American Arab Chamber of Commerce Illinois fights for business rights
The American Arab Chamber of Commerce of Illinois which is at the forefront of fighting for the rights of Arab American and Muslim American business owners expanded and consolidated its board this week.
The board consists of Trustees who have an equal voice in defining the Chamber’ emission moving forward, and an honorary board of notable business people and advisors who offer support.
The American Arab Chamber of Commerce of Illinois has, just in the past year, put a spotlight on the recent discriminatory practices by the City of Chicago against Arab, Asian and Muslim store owners. During the past six months, the City of Chicago under the direction of Mayor Lori Lightfoot, has ordered closed more than 100 small businesses in a misguided attempt to impact the city’s skyrocketing street gang violence. Lightfoot asserts that the small businesses, most operating 24 Hours per day, become oasis for the gangbangers during late evening hours.
As a consequence, Lightfoot created a Special Task Force to issue code violations as a pretext to force the stores closed. In the past, code violations would be issued and the store owners would be given time to correct the alleged infractions. Under Lightfoot’s policies, the city is seeking to close the stores first and to keep them closed.
“We have taken action to stand up to Mayor Lightfoot’s unjust policies targeting Arab, Asian and Muslimstore owners,” said American Arab Chamber CEO Hassan Nijem.
“Our goal was to bring this issue to light and publicize it to expose what the city was doing and we feel we have been successful, making Mayor Lightfoot and the Special Task Force of Police and Inspectors accountable for these injustices. We are demanding the city treat our store owners fairly and that the city not close any business on allegations of code violations but to instead give the store owners the opportunity to correct any code infractions.”
Nijem noted that the campaign not only results in the closure of nearly 100 businesses, but also would result in nearly 800 people losing their jobs in the City of Chicago. Additionally, the closure of the stores results in the loss of millions of dollars in tax revenues andsales taxes to the city, Cook County and the State of Illinois.
“There is no reason to close these business and we will not stand for it,” said Nijem, who was the only person to respond to call for help from he businesses.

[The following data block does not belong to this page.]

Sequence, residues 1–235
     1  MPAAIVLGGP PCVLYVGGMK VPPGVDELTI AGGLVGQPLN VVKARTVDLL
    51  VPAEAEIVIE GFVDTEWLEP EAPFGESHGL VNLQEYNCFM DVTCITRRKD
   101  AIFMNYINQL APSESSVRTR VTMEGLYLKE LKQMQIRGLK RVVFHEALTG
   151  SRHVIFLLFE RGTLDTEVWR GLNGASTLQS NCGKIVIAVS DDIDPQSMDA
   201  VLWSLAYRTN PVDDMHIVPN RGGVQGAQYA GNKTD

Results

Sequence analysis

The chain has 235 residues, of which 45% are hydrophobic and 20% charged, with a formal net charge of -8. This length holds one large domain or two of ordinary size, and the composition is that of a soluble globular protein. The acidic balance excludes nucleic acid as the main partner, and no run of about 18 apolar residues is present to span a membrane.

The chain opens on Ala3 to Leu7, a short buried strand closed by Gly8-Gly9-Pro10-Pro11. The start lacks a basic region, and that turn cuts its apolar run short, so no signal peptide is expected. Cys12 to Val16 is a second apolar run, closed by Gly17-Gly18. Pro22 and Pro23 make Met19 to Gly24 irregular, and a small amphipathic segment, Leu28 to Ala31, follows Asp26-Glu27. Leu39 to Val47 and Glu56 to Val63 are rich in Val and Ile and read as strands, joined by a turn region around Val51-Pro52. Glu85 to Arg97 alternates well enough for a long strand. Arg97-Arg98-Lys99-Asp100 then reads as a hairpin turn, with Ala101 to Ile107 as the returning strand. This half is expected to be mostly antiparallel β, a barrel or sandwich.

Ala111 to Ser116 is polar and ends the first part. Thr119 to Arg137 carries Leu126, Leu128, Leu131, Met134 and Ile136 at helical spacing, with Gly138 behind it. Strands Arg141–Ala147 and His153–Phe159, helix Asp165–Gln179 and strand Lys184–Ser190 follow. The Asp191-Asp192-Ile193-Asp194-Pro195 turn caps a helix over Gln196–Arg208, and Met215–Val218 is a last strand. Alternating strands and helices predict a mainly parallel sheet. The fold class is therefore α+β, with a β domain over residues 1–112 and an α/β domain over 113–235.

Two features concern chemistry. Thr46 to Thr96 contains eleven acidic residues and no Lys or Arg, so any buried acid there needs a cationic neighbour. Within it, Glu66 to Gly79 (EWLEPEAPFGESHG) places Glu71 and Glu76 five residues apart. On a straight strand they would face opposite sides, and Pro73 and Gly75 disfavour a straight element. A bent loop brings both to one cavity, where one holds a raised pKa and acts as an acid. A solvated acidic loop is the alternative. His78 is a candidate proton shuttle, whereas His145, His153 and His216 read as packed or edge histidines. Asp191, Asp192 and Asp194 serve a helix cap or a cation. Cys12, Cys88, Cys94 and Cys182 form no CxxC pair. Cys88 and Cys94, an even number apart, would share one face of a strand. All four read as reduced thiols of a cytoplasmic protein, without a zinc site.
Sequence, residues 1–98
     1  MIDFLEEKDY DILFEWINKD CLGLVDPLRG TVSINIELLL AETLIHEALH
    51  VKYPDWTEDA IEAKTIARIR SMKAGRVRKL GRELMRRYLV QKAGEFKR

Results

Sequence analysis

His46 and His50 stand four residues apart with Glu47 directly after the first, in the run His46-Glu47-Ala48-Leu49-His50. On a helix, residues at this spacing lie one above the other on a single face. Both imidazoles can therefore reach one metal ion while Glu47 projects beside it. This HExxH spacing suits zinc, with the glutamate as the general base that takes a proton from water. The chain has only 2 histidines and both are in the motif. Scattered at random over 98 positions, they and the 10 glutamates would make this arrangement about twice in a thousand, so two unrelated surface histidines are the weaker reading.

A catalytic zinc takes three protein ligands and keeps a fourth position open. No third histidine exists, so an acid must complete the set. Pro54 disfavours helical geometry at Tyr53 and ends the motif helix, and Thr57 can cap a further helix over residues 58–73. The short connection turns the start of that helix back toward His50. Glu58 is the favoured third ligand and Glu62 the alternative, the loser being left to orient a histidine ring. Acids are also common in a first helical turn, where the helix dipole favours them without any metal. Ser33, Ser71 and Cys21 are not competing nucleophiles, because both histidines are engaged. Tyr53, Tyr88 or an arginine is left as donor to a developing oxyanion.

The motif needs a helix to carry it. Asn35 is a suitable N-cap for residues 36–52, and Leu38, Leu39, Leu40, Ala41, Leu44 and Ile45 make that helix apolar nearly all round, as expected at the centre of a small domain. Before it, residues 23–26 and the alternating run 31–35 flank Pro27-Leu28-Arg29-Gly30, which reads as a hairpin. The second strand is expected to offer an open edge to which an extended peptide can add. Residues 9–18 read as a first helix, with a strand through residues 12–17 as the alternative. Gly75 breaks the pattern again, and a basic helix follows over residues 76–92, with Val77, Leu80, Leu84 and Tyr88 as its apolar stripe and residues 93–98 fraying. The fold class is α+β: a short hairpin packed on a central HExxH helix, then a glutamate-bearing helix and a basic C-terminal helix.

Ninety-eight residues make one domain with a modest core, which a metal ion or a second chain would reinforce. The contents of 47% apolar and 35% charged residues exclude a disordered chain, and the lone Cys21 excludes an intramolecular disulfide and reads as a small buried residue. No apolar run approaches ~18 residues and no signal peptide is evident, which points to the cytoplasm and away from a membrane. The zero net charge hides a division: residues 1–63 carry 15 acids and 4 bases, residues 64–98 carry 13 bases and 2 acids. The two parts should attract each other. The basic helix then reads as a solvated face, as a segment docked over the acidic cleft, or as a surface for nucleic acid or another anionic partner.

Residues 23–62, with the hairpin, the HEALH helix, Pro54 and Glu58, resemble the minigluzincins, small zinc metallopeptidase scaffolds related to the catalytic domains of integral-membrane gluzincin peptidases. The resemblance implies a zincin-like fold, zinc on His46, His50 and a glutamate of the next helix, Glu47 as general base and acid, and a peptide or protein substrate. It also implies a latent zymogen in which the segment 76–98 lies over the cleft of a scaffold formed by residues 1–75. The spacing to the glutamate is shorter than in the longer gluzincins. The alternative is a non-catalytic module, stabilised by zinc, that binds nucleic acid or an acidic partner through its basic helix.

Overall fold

The American Arab Chamber of Commerce is also working closely with state, county and city officials to assist businesses.
Last month, Nijem partnered with Cook County Treasurer Maria Pappas to help American Arabs to identify property tax overpayments. Pappas and her team have visited several locations in the American Arab community with the help of the American Arab Chamber of Commerce to assist in the process of applying for and receiving the refunds on property tax overpayments.
One event was held at the Orland Park Prayer Center. So far, the total amount of overpayments slated for refunds to the Arab and Muslim property tax owners is over $200,000.
“And this number continues to grow,” Nijem said. “County Treasurer Pappas is concerned and dedicated to ensuring that everyone in Cook County is treated fairly and equally and that they only pay the amount of taxes necessary, not overpayments. These overpayments are being returned thanks to Maria Pappas and the help of her team.”
Nijem was named by Pappas as an Honorary Cook County Treasurer to help with the American Arab and Muslim community.
Last year, the American Arab Chamber was instrumental in saving 22 Arab and Muslim owned Hookah Lounges that would have been forced to close with the adoption of a proposed law that would have made the sale of Flavored Tobacco illegal in the city.
“The purpose of the ordinance, the new law, was to prevent the sale of flavored tobacco to minors and to prevent flavored tobacco from being used to lure young children and teenagers into smoking and using smoking products,” Nijem explained.
“After we met with the Aldermen, including 23rd Ward Alderwoman Silvana Tabares, we were able to help the City Council understand that the law was too broad and would have resulted int he closure of 22 Arab and Muslim owned businesses.”
Nijem said that the City Council, working with the American Arab Chamber of Commerce, adjusted the ordinance to permit the legal use of flavored tobacco in Hookah Lounges, which only cater to patrons who are 21 years of age or older. Had the businesses been forced to close, Nijem noted, more than 250 people would have lost their jobs in the city.
If you are an Arab, Asian or Muslim business and you are tired of being ignored and pandered to by individuals trying to exploit your suffering and want to defend your businesses, contact the American Arab Chamber of Commerce today by calling 312-927-6971 or visit the Chamber’s website at www.AACCUSA.org.
“Our community is tired of people using them for their own personal benefit and not providing any service or any help. The American Arab Chamber of Commerce is dedicated for standing in the front line and making government accountable and protecting the interests and hard work of Arab, Asian and Muslim business owners. We don’t just hold lunches and inners to pat ourselves not he back. We fight with Actionf or our members,” Nijem said.
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